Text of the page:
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How to Write Stories that Sell by Edward S. Fox

READERSVOICE.COM aims to give a few samples from interesting out of print books. Many of these are forgotten but all of them are as good as anything published recently.

This issue features some tips from How to Write Stories that Sell, by Edward S. Fox. This book was written in 1961, and the hardback quoted from was published by The Writer, Inc, Boston, in 1969. It is well worth tracking down, at least to learn how to write good short stories.

In one chapter he talks about narrative hooks. These plant a question in the reader’s mind. They occur very early in the story, like on page one. Mr Fox described one of his stories.

He says: It’s about a boy whose dog has been lost for three or four months.  The dog has been returned to his home and the boy, but he doesn’t seem to care for the boy anymore and, to cap it off, the man who had found and kept him for those months wants to buy him. The kid is hurt. This has come at a time, too, when his mother has died and his father has married again.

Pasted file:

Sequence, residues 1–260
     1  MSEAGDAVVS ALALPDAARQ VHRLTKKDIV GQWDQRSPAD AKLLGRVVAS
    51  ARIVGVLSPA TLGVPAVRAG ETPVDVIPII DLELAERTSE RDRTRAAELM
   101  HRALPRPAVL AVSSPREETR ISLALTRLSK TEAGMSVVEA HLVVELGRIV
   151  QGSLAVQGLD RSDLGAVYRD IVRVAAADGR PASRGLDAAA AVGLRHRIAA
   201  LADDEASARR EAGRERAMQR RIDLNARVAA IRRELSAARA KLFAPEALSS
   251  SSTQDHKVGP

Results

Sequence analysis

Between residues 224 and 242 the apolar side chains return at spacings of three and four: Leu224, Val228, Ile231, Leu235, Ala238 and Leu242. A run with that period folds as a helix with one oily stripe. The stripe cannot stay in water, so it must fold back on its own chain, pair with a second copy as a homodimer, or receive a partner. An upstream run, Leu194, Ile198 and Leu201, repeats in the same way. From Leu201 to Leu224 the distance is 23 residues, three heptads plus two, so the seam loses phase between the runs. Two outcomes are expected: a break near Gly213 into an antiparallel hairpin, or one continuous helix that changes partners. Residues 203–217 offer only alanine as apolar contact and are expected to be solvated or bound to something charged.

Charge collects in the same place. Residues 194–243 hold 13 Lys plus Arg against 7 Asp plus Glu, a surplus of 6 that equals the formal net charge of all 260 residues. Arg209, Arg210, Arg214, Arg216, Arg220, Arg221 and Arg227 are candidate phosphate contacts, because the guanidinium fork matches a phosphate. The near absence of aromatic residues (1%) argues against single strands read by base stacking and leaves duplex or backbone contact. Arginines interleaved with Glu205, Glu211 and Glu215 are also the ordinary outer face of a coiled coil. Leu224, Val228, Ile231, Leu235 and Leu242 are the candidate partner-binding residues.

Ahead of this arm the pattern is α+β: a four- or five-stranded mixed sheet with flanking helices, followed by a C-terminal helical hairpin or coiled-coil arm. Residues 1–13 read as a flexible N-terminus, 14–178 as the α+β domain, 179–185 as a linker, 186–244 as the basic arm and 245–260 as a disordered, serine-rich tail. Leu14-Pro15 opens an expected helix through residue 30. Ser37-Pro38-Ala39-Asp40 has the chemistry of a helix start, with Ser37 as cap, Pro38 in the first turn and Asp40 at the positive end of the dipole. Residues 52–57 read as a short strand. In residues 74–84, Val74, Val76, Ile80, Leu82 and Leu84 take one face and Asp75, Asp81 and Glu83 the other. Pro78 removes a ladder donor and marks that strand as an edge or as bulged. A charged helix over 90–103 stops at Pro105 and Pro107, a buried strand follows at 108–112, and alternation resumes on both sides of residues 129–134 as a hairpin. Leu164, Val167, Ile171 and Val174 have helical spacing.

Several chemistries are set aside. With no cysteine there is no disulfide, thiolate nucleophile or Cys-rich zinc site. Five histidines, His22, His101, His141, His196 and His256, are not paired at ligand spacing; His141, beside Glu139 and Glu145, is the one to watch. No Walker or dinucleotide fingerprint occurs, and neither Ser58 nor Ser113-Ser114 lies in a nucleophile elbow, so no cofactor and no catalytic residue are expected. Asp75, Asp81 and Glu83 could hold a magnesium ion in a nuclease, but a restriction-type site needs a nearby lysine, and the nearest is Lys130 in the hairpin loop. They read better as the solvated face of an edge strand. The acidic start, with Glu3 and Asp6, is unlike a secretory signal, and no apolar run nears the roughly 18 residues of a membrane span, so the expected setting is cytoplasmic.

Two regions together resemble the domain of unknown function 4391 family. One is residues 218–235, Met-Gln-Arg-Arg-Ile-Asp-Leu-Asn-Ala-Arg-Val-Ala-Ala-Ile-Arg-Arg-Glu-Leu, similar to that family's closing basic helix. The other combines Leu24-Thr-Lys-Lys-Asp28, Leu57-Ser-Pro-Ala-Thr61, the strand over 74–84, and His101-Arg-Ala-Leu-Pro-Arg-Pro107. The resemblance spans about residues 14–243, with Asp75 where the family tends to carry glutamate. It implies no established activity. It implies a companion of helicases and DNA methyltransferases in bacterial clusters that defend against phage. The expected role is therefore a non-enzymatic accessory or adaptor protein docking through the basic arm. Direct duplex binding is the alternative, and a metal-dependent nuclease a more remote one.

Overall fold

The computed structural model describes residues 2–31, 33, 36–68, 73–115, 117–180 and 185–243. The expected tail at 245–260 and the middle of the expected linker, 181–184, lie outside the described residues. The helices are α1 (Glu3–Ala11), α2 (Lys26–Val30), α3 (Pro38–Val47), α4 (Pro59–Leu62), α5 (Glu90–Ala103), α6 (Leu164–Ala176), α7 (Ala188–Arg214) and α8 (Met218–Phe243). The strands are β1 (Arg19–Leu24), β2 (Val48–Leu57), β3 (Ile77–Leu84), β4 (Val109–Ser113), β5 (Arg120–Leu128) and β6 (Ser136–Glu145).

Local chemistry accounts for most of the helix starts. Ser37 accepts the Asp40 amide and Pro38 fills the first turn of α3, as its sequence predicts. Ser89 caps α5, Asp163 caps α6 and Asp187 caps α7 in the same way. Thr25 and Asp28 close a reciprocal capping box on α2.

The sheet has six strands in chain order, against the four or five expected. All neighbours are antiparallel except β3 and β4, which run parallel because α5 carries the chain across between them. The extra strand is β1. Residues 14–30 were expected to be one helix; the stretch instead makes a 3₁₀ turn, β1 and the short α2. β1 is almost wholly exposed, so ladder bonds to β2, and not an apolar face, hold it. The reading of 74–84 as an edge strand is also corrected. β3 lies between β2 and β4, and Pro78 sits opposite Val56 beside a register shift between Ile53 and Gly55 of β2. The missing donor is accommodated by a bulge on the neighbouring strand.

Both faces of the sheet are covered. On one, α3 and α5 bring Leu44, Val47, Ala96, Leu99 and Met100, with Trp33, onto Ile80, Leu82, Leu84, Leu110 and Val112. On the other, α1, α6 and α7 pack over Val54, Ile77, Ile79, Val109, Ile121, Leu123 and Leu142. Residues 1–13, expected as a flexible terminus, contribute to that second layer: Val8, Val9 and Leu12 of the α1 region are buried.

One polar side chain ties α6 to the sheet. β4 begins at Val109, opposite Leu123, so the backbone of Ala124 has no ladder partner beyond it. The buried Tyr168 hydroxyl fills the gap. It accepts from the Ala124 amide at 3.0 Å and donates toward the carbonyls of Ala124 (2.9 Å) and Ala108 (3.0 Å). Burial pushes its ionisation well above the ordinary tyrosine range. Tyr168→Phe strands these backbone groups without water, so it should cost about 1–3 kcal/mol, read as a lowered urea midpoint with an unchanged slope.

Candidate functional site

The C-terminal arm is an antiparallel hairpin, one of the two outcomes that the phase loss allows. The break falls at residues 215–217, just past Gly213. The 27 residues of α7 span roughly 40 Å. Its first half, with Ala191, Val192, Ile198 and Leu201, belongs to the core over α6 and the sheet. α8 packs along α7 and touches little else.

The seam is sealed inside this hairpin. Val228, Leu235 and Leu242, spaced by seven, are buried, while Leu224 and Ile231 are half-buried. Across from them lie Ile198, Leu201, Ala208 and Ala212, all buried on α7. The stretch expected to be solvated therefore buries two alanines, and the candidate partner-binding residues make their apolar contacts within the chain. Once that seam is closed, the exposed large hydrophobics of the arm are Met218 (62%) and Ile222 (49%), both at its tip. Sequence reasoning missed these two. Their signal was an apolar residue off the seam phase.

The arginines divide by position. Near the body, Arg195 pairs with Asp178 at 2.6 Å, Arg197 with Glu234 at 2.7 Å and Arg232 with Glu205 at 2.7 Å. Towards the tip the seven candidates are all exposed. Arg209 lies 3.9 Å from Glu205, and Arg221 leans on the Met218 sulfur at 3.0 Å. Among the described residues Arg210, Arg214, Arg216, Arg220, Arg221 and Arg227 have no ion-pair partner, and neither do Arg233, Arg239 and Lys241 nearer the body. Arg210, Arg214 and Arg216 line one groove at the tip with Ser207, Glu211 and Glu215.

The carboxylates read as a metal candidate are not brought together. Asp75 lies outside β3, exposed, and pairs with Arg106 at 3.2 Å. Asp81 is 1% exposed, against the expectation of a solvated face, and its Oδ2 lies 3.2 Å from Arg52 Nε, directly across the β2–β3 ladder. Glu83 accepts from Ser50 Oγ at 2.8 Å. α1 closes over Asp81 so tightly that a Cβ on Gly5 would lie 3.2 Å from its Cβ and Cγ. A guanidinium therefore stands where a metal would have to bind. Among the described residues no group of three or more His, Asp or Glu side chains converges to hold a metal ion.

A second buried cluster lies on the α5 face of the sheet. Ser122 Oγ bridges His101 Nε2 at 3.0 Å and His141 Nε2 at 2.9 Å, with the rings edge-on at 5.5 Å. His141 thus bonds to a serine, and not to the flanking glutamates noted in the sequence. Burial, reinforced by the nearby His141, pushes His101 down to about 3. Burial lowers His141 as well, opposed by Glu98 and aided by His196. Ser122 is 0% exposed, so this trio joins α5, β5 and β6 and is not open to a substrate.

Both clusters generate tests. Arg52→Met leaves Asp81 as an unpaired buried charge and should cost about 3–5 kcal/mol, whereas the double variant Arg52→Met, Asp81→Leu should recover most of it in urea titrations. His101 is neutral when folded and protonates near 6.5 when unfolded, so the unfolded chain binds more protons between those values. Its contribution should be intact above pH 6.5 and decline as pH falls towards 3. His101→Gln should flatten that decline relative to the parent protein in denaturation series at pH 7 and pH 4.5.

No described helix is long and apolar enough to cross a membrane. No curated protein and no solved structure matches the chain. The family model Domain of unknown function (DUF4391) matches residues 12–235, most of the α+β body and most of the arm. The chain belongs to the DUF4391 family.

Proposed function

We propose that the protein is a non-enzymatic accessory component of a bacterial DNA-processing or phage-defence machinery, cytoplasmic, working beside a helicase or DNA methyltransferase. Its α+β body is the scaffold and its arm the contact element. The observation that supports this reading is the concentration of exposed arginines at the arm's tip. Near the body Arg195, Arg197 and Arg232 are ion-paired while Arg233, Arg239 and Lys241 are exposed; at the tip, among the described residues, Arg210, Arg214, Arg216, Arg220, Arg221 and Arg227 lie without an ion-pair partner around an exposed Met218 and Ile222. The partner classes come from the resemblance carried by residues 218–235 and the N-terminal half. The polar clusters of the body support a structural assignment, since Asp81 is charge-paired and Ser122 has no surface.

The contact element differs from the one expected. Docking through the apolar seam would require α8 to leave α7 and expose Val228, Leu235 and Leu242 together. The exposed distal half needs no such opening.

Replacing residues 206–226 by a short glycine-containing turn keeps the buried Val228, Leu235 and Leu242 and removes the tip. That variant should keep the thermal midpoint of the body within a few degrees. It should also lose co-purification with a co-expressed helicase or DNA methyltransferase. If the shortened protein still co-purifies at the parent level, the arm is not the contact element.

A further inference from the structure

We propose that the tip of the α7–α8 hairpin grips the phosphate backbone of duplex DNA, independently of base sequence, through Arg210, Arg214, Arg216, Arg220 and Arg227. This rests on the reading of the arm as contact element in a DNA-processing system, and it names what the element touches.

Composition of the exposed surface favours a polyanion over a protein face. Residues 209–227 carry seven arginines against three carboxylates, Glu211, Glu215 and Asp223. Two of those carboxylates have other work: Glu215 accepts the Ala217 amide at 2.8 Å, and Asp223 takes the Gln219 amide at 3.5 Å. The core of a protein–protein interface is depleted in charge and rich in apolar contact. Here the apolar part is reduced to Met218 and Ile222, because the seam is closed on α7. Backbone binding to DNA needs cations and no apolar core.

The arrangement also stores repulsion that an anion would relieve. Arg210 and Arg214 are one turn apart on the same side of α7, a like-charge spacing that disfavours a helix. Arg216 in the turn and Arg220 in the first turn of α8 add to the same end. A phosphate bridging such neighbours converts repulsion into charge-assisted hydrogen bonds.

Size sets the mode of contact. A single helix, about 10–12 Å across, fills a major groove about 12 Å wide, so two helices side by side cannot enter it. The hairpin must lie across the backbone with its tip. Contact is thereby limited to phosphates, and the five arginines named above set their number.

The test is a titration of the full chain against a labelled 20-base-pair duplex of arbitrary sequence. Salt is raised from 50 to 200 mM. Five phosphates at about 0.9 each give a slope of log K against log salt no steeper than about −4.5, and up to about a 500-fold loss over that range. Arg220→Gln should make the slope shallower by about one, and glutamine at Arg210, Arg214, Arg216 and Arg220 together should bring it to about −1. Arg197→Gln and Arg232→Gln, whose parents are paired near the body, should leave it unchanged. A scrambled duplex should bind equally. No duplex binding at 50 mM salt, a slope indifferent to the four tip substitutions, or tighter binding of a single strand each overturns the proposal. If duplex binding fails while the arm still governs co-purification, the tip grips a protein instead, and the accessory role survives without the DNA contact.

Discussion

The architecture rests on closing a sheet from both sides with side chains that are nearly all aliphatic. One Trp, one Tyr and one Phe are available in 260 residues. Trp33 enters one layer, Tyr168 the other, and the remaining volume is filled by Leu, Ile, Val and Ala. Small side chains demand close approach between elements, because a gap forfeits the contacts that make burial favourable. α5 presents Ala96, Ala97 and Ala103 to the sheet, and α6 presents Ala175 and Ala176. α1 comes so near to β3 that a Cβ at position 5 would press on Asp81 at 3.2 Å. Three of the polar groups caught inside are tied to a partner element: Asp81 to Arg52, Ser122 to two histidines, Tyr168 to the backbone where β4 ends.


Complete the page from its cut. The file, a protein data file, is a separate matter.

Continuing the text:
The author says later: The whole first page is our narrative hook. We want to know now, “What’s going to happen when Tom Fenton arrives and David refuses to give up his dog?”

Edward S. Fox used a strong narrative hook on the first page of his novel, Hunger Valley (published 1965). One reader wrote about the book: Things get dark from the VERY FIRST PAGE, when the party’s leader is telling everyone that if they get caught by the snow they all won’t make it to California alive. And the first page isn’t even a full page, it’s just a half page!

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